"But things were beginning to change. That same year, Michigan created a central data warehouse that has become a giant digital filing cabinet for all of the data collected by the university’s 19 schools and colleges. And soon universitywide management software vastly increased the amount of data flowing into that central warehouse.

More recently, Michigan has piped in data from its learning-management system that not only identify students and the courses they are taking, but also indicate how frequently they log in to the system, download digital course materials, and submit online assignments."

Read the rest here.

HomeGrown Festival kicks off September Bookfest

The HomeGrown Festival, which features, shockingly enough, local food, music, and drink, will be held at the Kerrytown Farmer's Market the night before the Kerrytown Bookfest - making the weekend a two-fer of community fun. There's a HomeBrew competitionso how bad could it be?

Visit the HomegRown Festival's site here. Check out their event brochure here. Info on Bookfest can be found here.

The secret to human-scaled cities? Smaller roads

This most excellent and passionate blog makes the case that the real secret to livable walkable communities is... smaller roads. We whole-heartedly agree. But good luck with that in Michigan.


"We have to get out of the ugly habit of building such automobile-friendly environments. Once we make it automobile-friendly by adding wide roads and segregating automobile and pedestrian traffic, the automobile will take over. Remember, we fled from this. The result just happened to be worse, because we did not know any better. 

When we break the habit of building wide roads and segregating automobiles from pedestrians - even without having to ban them - we will begin building pleasant urban environments. "

Read the rest here.

Ann Arbor ranked as "Most Intelligent College Town" in U.S.A.

Oh, look! We're on another list. What a surprise. Well, since we're so darn smart does that mean we can  coast on those IQ points for a little while and devote a week or two to drinking beer?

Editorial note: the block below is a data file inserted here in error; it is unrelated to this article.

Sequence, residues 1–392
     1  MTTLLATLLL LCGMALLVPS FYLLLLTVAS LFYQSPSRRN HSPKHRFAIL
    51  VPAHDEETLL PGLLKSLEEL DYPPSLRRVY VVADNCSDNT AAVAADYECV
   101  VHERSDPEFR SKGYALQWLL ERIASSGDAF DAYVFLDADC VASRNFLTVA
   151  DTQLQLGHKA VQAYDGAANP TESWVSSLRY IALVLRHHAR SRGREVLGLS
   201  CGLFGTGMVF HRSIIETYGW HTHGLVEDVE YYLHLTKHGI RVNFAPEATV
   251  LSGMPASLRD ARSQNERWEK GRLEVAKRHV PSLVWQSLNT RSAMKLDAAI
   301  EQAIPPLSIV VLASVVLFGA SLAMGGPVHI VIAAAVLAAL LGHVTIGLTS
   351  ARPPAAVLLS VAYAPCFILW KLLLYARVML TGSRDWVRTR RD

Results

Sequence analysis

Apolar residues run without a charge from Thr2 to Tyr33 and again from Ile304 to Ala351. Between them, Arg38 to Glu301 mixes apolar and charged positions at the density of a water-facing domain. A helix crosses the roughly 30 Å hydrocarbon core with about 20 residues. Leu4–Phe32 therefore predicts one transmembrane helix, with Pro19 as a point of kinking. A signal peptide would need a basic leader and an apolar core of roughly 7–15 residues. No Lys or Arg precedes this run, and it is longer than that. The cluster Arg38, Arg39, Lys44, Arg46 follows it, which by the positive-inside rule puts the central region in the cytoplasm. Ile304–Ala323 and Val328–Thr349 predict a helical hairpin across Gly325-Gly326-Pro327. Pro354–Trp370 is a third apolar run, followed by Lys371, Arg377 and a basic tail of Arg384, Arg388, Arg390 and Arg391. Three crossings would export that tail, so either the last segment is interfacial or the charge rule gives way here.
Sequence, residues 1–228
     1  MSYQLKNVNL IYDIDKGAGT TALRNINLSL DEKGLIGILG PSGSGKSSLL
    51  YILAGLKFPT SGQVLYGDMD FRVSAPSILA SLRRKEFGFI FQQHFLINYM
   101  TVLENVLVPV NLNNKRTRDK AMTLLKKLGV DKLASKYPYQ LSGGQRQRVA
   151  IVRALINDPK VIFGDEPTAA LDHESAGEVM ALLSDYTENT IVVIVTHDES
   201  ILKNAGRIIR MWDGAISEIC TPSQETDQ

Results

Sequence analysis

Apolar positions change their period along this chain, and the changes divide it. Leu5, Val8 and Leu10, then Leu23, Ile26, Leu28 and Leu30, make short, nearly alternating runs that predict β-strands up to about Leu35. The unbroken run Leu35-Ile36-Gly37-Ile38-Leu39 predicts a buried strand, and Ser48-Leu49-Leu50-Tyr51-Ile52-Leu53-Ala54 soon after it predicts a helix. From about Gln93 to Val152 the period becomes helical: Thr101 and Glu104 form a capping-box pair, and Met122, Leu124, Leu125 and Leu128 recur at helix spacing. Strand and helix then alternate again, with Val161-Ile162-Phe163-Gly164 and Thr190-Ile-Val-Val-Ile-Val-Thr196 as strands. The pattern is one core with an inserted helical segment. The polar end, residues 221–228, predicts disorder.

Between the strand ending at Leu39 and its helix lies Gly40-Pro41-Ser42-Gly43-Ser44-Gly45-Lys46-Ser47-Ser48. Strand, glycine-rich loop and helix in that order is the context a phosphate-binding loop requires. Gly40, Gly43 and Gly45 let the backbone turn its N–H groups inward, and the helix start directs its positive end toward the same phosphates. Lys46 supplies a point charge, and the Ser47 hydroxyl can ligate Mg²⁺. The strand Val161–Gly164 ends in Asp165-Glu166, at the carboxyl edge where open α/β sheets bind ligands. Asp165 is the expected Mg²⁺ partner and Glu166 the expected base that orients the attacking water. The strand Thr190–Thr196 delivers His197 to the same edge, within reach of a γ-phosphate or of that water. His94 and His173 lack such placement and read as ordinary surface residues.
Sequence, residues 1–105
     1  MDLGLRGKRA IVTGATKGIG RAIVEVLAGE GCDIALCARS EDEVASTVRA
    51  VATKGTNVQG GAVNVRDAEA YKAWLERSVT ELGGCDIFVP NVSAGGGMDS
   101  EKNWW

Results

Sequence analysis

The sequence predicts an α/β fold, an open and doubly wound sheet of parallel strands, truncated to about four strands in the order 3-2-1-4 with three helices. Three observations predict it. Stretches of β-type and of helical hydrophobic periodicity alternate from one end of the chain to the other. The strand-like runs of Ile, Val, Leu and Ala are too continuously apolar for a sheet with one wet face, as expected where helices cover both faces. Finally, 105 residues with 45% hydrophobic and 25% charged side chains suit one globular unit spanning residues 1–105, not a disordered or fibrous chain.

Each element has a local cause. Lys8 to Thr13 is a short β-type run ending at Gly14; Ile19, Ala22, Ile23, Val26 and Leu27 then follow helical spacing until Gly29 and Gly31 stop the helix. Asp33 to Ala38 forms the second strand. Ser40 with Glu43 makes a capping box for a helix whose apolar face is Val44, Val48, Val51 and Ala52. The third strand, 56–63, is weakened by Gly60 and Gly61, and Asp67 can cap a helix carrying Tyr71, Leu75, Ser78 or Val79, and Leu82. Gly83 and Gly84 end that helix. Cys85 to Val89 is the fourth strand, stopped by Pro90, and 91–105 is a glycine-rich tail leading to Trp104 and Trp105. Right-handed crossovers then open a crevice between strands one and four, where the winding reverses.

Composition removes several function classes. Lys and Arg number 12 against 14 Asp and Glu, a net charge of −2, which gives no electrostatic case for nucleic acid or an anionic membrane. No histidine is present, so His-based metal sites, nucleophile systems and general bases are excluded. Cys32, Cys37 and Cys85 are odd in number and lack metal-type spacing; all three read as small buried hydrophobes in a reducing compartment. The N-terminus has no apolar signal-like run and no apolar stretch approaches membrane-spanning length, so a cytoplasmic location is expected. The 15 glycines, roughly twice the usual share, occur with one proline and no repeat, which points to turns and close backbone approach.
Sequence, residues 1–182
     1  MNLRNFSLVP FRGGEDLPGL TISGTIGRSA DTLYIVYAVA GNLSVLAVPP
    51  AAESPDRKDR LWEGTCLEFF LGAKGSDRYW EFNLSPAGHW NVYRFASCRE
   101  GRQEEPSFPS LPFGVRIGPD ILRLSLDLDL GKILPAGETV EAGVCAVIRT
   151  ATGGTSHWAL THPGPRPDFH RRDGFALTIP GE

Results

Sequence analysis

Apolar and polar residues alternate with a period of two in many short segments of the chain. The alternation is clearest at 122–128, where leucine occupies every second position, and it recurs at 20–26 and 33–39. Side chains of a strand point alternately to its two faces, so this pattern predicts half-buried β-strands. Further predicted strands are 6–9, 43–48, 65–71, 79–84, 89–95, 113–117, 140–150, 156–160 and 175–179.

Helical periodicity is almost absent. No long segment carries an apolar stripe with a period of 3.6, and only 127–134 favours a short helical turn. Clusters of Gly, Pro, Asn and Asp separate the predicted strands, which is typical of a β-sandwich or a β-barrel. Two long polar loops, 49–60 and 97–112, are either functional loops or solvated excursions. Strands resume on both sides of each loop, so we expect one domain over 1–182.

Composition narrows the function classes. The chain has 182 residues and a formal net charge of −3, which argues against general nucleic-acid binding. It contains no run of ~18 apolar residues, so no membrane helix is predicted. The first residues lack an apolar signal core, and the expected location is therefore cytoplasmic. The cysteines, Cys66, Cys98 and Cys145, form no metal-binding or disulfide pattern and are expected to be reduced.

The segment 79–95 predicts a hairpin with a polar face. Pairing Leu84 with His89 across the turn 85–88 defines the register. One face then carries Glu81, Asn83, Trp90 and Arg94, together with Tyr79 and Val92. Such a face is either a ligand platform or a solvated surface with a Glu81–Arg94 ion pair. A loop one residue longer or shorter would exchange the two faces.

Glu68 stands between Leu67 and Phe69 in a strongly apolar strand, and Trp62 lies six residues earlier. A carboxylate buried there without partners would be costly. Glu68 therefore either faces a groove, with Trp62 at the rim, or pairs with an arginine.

"Here we are, finally at number 1 on the list, with the most intelligent college town in the nation being Ann Arbor, Michigan, where nearly half of the residents of the entire city boast a graduate degree or better. An economy that is driven by the University of Michigan, Ann Arbor, the city’s culture is immersed seamlessly into the intellectual climate of the famous academic institution. Indeed, many of the world’s greatest composers, poets, engineers, musicologists, and businessmen who teach at the University of Michigan, Ann Arbor also find themselves regularly interacting within the town’s festivities, concert halls, public lectures, and forums, laying the foundation for an intellectual culture in one of the midwest’s most beloved cities. "

Read the rest here.

The Daily Show puts the Michigan Daily in the spotlight

What is the current state of journalism? Where does it go next? The Daily Show takes the Michigan Daily to task for its oh-so old timey ways in a segment called "Internet Killed the Newspaper Star."

Watch it below:


Local artist in the CriticCar spotlight

We've put our own spotlight on Cre Fuller and his fantastic Angry Tin Men in Concentrate in the past. Now, sporting a pair of award ribbons from Maker Faire, Detroit's CriticCar gets even more of his story.

Watch the video below.


Candidates for local political offices weigh in on the arts

The Arts Alliance conducted a survey of candidates running for office in Washtenaw County regarding their views of arts and culture. The results of their questionnaire have been gathered in this pdf document.

Interesting to see how many voice strong support for public art and its community importance but only hand-full seem to actively support public funding of the arts. You may conclude from that what you may.

Read the candidate answers here.

Ann Arbor startup lands on CNN's list of "game changing gadgets"

Ever want to be Jordi from Star Trek? Or Lobot from Star Wars? Have no idea what those references are? Don't worry, not being a geek doesn't mean you can't think these 3D goggl;es aren't cool.


"From Michigan-based Avegant, the Glyph headset looks like a chunky set of headphones with a pop-down, "Star Trek"-style visor. (They promise a sleeker look for the final product).

It hooks up to a smartphone, TV, gaming device or laptop and uses a system of 2 million microscopic mirrors to beam the images directly into your retinas."

Read the rest here.

Bank of Ann Arbor takes on the big boys

While banks and bankers may not be the public's favorite folks in our age of controversial bail outs and investment instruments, The Bank of Ann Arbor is proving that a local institution can sometimes outperform a multi-national corporation.


"In 2007, before the recession hit, the Bank of Ann Arbor was sixth in deposit market share with 8.04 percent in the city, with deposits of $329.8 million, according to the Federal Deposit Insurance Corp. KeyBank was No. 1 at 16.45 percent with deposits of $675.1 million.

As of June 30, 2013, the latest date for which data are available on the FDIC website, Chase was No. 1 at 17.3 percent with deposits of $901.6 million, while the Bank of Ann Arbor had climbed into second place at 12.38 percent and deposits of $646.2 million. "

Read the rest here.